Wednesday, April 7, 2010
Tuesday, April 6, 2010
California's three major public pension funds are underfunded by more than half a trillion dollars, according to a report released Monday, the San Jose Mercury News reports.
Gov. Arnold Schwarzenegger (R) commissioned the study, which was prepared by graduate students at the Stanford Institute for Economic Policy Research (Theriault, San Jose Mercury News, 4/5).
The study examined:
- The California Public Employees' Retirement System;
- The California State Teachers' Retirement System; and
- The University of California's retirement system (Walters, "Capitol Alert," Sacramento Bee, 4/5).
Researchers tallied CalPERS' unfunded liabilities at $239.7 billion and CalSTRS' liabilities at $156.7 billion.
The new figures are significantly higher than previous estimates from the pension funds. In July 2008, CalPERS estimated its unfunded liabilities at $38.6 billion and CalSTRS estimated its liabilities at $16.2 billion (AP/Ventura County Star, 4/5).
Schwarzenegger in a statement said the study "reinforces the immediate need to address our staggering pension debt." He added, "The consequences are clear: increasingly large portions of state funding for programs Californians hold dear such as schools, parks and health care will be diverted to pay for this debt."
The governor previously has proposed tightening eligibility requirements for retiree health care benefits and other changes to the pension system (AP/Ventura County Star, 4/5).
The new report echoes some of Schwarzenegger's proposals and calls for lawmakers to:
- Reduce benefits for new public employees;
- Raise annual pension contributions; and
- Shift workers into a partial 401k benefit plan (San Jose Mercury News, 4/5).
Monday, April 5, 2010
Adding to the selling pressure was uncertainty over a Federal Reserve meeting to discuss the discount rate, scheduled for later Monday. While the meeting is a routine one, the timing led some to speculate that another increase in the emergency lending rate could be in the works.
Sunday, April 4, 2010
Last week, the growing debt issuance turned swap spreads, a metric of how issuers adjust their interest-rate exposure, negative for the first time on record.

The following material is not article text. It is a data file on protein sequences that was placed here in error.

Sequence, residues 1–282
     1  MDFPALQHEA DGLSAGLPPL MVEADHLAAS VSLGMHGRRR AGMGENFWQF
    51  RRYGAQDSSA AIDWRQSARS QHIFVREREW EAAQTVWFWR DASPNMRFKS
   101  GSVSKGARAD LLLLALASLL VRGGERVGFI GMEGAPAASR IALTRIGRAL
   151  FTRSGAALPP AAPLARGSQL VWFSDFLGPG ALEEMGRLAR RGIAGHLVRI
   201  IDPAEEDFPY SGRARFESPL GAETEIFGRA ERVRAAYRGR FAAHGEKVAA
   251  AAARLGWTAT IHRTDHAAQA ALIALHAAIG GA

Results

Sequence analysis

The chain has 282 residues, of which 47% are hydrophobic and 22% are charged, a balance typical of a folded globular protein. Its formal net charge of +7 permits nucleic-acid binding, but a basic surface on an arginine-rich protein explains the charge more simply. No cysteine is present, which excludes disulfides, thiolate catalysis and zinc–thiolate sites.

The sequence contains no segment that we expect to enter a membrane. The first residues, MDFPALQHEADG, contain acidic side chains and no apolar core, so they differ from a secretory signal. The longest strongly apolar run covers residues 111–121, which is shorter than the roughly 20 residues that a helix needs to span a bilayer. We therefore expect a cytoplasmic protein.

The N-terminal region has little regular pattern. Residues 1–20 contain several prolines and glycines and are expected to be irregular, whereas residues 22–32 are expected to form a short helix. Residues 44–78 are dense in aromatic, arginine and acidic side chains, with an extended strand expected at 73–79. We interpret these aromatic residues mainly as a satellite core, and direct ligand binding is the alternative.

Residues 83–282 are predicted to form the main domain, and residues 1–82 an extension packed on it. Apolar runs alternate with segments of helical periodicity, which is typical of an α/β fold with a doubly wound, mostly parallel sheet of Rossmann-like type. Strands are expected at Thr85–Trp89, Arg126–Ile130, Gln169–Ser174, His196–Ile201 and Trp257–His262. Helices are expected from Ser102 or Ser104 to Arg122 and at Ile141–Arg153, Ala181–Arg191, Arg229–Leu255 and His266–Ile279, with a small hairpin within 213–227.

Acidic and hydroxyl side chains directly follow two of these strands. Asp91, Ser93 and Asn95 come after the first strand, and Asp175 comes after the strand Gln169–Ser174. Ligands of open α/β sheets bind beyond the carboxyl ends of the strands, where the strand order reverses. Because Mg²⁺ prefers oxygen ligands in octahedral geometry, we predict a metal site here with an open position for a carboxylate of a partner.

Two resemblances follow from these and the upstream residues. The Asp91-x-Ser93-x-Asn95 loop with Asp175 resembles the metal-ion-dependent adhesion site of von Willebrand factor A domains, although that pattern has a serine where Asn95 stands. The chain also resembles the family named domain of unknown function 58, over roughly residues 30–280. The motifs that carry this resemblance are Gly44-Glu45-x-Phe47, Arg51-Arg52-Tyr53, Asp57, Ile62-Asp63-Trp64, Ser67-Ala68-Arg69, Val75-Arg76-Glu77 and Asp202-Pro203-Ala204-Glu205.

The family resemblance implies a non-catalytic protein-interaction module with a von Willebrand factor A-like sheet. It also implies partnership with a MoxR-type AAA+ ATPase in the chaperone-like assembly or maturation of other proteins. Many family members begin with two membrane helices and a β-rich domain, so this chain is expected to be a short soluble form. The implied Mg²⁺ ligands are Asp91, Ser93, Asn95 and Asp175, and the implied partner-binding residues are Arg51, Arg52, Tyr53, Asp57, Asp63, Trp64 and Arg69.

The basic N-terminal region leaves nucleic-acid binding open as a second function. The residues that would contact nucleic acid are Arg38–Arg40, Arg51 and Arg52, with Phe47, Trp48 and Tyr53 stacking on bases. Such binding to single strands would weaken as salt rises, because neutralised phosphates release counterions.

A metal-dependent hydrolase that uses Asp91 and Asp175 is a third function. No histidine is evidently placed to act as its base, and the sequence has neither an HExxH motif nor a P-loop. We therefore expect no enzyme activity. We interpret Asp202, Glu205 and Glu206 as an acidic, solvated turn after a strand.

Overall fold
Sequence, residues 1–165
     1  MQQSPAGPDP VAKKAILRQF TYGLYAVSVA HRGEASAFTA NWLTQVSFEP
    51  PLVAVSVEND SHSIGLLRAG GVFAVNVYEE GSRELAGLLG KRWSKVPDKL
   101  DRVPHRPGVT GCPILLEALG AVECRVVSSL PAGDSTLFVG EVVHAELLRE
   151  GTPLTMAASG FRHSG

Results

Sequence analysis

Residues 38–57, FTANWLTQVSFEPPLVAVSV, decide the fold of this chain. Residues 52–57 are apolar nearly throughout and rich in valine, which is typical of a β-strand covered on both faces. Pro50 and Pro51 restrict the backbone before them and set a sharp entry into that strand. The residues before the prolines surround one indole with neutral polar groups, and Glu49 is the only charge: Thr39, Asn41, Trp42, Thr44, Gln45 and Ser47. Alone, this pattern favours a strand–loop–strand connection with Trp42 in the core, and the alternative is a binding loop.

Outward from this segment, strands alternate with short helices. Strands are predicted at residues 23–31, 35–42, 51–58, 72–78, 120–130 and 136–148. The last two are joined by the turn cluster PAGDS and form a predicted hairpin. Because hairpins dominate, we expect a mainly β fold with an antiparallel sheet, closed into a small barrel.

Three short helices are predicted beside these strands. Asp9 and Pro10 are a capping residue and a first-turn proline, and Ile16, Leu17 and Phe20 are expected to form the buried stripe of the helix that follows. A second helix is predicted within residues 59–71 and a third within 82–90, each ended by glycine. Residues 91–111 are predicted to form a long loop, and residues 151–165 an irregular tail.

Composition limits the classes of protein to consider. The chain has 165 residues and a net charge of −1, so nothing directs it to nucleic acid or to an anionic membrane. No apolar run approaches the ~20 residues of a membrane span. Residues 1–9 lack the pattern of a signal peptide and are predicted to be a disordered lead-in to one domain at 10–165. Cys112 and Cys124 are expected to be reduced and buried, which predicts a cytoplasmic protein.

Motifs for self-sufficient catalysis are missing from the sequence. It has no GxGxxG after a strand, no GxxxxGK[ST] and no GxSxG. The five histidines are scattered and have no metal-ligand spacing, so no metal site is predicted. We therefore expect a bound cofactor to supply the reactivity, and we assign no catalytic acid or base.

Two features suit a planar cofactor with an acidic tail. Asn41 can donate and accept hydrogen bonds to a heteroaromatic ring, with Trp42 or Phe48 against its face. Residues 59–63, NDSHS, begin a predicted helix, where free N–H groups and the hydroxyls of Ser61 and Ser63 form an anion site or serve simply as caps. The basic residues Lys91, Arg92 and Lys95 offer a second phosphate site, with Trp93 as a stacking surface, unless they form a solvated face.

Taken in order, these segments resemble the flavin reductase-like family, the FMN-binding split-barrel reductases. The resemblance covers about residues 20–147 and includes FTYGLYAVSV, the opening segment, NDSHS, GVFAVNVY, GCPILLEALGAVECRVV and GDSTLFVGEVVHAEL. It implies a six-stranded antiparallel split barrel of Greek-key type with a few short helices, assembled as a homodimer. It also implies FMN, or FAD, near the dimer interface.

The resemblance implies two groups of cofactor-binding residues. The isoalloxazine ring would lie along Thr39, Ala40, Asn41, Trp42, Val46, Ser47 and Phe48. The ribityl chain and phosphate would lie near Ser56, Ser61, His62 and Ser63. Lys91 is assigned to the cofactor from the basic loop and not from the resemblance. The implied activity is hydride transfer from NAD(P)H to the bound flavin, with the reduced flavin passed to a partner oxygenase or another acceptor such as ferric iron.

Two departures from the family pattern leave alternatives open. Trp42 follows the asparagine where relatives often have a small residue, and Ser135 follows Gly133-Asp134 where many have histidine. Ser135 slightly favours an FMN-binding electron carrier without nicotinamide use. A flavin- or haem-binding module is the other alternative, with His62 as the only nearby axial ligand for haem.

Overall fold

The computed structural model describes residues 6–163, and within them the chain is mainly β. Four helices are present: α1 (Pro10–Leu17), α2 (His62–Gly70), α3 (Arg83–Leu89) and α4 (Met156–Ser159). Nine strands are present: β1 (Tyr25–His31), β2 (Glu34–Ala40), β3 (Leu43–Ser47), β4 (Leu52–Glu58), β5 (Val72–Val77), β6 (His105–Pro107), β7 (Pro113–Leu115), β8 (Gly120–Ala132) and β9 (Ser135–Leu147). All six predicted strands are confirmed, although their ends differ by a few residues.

And borrowing costs measured by corporate-bond spreads have returned to December 2008 levels, though they are still far higher than they were before the housing bust.
Selling debt has become much cheaper for companies as the credit crisis fades into history and investors lay their hopes on the recovery of the economy.
Plus, there's little allure for investors to lend to some of the most stable borrowers, such as the U.S. government.
The Federal Reserve's 15-month policy of keeping rates near 0% alongside a pledge to keep them low for a "extended period" have pushed 10-year Treasury yields (U.S.:UST10Y) to 3.94%, after falling to record lows from around 5.25% when the Fed started cutting in 2006.
Yields on 1-month CDs have fallen to 0.47%, from 2.5% in 2007, according to Bankrate.com.
For some private-sector analysts, as well as Federal Reserve policy makers, this lengthy period of low benchmark rates and investor appetite for higher returns poses a risk of again pushing the economy to an unsustainable reliance on debt -- not far from the situation that led to the credit crisis just a few years ago.
"We look at this as a replay of what happened in 2007," said Walter Zimmermann, chief technical analyst for United-ICAP.
Midway through the last decade, investors increasingly piled into much riskier assets, including mortgage-backed securities. They were hunting for a slightly higher yield after the Fed's decision to keep interest rates at 1% for one year in 2003-04 helped flatten yields on government debt.
That demand for higher yields pushed borrowing costs for companies to extremely low levels by 2007, when problems with too much leverage started to materialize within the massive and various securitizations distributed around the world, eventually leading to the credit crisis.
"The need for yield was felt to counteract otherwise low interest rates," he said. "That turned out to be one of the most disastrous investments of our age."
Some officials, such as Kansas City Federal Reserve President Thomas Hoenig, have warned that the Fed risks "distortions in the economy" and creating an asset bubble by keeping rates very low for too long.